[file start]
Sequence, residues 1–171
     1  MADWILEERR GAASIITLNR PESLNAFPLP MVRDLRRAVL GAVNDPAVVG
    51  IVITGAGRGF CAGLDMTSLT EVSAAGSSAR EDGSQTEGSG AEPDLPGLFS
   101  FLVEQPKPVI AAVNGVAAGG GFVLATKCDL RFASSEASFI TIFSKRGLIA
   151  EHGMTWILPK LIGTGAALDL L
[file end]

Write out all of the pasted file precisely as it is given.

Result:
Sequence, residues 1–171
     1  MADWILEERR GAASIITLNR PESLNAFPLP MVRDLRRAVL GAVNDPAVVG
    51  IVITGAGRGF CAGLDMTSLT EVSAAGSSAR EDGSQTEGSG AEPDLPGLFS
   101  FLVEQPKPVI AAVNGVAAGG GFVLATKCDL RFASSEASFI TIFSKRGLIA
   151  EHGMTWILPK LIGTGAALDL L